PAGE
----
Me and my kiddo

Me and my kiddo

Saturday, July 31, 2010

Toy Story Three

I could hear my husband laughing from my seat way at the back.  Watching Toy Story III together was a sheer delight.  I'm afraid I get motion sick, especially with 3D movies.  Sitting way at the back keeps me from getting queasy, but my guys were right and in the center and loving the action :)  It was an awesome family outing.

Other things to share:

This week's Objectivist Round Up.

Cute antics:
• hopping into a building with only one shoe on.  Why? Because, he decided to leave the other shoe in the car.
• taking to starting all sentences, even requests, with "of course".  For example regarding the tape player, "Of course.  Turn it back on."
• singing HMS Pinafore with full drama while playing with his legos, "What never?", "No, never.", "What never?", Well, hardly ever!"
• commenting as he finished some jerky, "I want more because I'm a carnivore." (He was highly pleased with his rhyme.)
• responding to a taste of Daddy's Gin, "Absolutely not!"
• deciding as we floated along the river that he only understood the words "uno" and "roho". (It lasted five minutes.)
• laughing at our paddling errors with, "You got me wet.  What a lovely mistake!"  (I was all grins.  Now, if I can only get him using "delightful", he'll have both of my favorite adjectives that I know I overuse.)
• coming up with the idea of a Hobbit based clue board which we made together.  As of the first game, Bilbo did it with a knife in the Misty Mountains.  I think it would have been much more engaging though if had been Beorn with the black arrow in Rivendell or Thorin with Smaug's fire in Hobitton!  
• grabbing my legs from behind at the top of stairs, he responded to my startled "Cameron!" with a long list of I-didn't-knows culminating with, "I didn't know that you could have fallen down the stairs!"  (Having enough time for my heart rate to come down, I asked how he knew now and he told me, "I figured it out when you startled me."  Sigh.  It's nice to know he'd figure out the problem as I was catapulting down the stairs, but a little forethought would keep my bones intact!)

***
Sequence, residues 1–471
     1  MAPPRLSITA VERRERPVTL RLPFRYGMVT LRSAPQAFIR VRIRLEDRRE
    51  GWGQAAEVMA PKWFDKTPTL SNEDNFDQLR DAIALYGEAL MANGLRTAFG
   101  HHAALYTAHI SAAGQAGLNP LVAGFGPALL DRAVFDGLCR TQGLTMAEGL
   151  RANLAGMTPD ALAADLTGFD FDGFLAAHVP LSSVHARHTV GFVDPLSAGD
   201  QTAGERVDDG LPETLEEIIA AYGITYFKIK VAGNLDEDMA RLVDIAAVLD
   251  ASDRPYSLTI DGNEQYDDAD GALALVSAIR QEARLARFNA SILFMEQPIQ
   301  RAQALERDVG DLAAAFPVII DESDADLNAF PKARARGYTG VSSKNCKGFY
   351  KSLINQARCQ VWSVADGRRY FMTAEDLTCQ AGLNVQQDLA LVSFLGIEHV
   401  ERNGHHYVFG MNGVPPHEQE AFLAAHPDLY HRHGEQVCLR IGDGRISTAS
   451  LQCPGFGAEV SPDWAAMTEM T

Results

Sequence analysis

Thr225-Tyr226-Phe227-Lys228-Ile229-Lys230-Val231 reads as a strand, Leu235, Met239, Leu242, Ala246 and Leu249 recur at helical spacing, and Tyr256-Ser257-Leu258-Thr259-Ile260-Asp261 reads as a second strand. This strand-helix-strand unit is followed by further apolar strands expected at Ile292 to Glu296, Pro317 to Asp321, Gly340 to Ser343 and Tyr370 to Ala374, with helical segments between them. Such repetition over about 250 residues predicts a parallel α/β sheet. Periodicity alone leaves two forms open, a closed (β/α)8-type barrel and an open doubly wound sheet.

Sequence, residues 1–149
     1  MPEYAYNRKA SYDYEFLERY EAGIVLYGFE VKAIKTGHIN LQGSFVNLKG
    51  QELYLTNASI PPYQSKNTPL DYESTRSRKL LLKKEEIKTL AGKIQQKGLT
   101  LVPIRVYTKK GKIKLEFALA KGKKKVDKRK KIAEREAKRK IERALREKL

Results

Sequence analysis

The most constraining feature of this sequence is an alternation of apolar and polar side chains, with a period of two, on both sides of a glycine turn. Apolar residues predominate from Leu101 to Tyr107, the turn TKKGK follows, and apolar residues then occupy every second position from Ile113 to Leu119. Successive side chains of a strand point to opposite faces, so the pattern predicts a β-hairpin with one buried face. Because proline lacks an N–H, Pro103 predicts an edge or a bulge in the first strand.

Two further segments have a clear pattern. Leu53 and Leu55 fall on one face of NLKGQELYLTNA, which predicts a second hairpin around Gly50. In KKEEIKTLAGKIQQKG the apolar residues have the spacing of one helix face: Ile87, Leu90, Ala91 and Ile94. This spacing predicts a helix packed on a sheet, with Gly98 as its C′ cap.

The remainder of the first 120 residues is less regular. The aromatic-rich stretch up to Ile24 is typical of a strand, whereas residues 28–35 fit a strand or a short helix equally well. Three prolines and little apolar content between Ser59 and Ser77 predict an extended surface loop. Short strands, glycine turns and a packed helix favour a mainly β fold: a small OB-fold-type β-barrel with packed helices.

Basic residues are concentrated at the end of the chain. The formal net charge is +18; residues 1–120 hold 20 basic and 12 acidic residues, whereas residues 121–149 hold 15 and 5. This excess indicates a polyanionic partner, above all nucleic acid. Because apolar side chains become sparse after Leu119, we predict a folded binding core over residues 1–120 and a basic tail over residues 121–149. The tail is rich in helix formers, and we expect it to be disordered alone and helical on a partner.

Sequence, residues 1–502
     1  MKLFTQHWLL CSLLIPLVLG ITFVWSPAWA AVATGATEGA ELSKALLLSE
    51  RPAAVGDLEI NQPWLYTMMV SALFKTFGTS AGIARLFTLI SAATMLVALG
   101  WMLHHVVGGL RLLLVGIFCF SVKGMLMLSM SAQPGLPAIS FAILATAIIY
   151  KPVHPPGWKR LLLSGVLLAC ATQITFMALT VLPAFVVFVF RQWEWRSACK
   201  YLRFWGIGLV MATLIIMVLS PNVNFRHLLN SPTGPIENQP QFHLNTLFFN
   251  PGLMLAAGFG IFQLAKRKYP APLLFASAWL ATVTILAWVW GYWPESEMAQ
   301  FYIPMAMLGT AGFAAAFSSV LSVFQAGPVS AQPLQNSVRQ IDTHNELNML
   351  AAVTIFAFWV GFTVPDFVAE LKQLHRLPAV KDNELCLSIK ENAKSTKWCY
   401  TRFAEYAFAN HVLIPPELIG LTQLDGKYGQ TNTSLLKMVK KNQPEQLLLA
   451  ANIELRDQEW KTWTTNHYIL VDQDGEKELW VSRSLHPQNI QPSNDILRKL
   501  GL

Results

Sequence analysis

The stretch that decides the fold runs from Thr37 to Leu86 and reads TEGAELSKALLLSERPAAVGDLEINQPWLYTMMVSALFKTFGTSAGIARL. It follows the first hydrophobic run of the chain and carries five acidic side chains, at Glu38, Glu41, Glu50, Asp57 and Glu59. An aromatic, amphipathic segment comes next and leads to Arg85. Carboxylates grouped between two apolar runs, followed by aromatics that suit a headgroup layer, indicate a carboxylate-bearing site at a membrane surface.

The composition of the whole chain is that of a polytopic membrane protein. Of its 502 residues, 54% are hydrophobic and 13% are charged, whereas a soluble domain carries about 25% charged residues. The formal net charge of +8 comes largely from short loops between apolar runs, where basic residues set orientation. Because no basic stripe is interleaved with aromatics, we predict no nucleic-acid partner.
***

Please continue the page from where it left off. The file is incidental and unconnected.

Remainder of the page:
Wednesday, July 28, 2010

A "Typical" Day

Just a fun, quick post about a "typical" day here.  It's in quotes because, like most homes with kids, they just keep changing!  It's really a good thing if we want them to reach independence, but it certainly gums up the predictability works :)

Breakfast of homemade yogurt and a scramble while each family member shared about 3 good things that happened yesterday and one thing we were looking forward to today.

We picked up for the new cleaner who helps with deep cleaning.

We changed our Mommy School curriculum today to be all around "Lord of the Rings".  If boulders were falling, I'd say, "What if 9+4 boulders fell?  How many came down?" If we were practicing Verbalizing and Visualizing, I asked him to draw a picture in my head of what his tentacled water creature looked like through detailed descriptions. Practicing writing?  No problem.  He wrote "Bilbo" beautifully and the password to the gates of Moria was "friend" so that was an easy one to practice non-phonetic spelling.

Cameron continued his new love of spinning coins while I read to him and brought me a knife to un-wedge the dime when he stuck it into one of our number blocks.  (These blocks are a tool recommended by this optometrist with lots of experience with sensory challenged kids.  You ask the kid to add a number less than six to any number and then have them picture the dice number to make it easier.  For example, if he was trying to add 9+4, he could picture the 4 dots on the die and count up 10,11,12,13.  It's supposed to be easier to keep track of the counting when visualizing the picture of the die.)

I snuck in a quick email scan during movie pieces of Lord of the Rings.  We went back and forth as we usually do with a higher difficulty book, watching what we had already read.

Tightened Cameron's swim trunks which he wore all morning.

Baked up some of my triple chocolate cookies. (I always give house helpers, including cleaners, some kind of sweet treat.

Read "Sadie and the Snowman" which was fun and spurred a whole coversation about how air in water looks white (crashing waves, snow).

Drove to the swimming lesson (listening to a Henry Huggins audio book) and watched Cameron do some good back stroke.

Talked all about the importance of being patient when driving. (We were running late and I like to share what I'm feeling and thinking in those kinds of situations so he knows about the choices i.e. not driving unsafely even though we're in a hurry.)

Picked up fresh vegetables from the local farm stand.

Dropped off / picked up books at the library.

Dropped off Cameron for 50 minutes at Children's Therapy Center where he works with an occupational therapist and a peer to get controlled, coordinated movement in a social situation.  (That's a challenge for him.)

Called to make a car service appoint and dentist appoint, plus researched an opera ticket for Andrew and chopped up veggies / started some soup bubbling in those 50 minutes.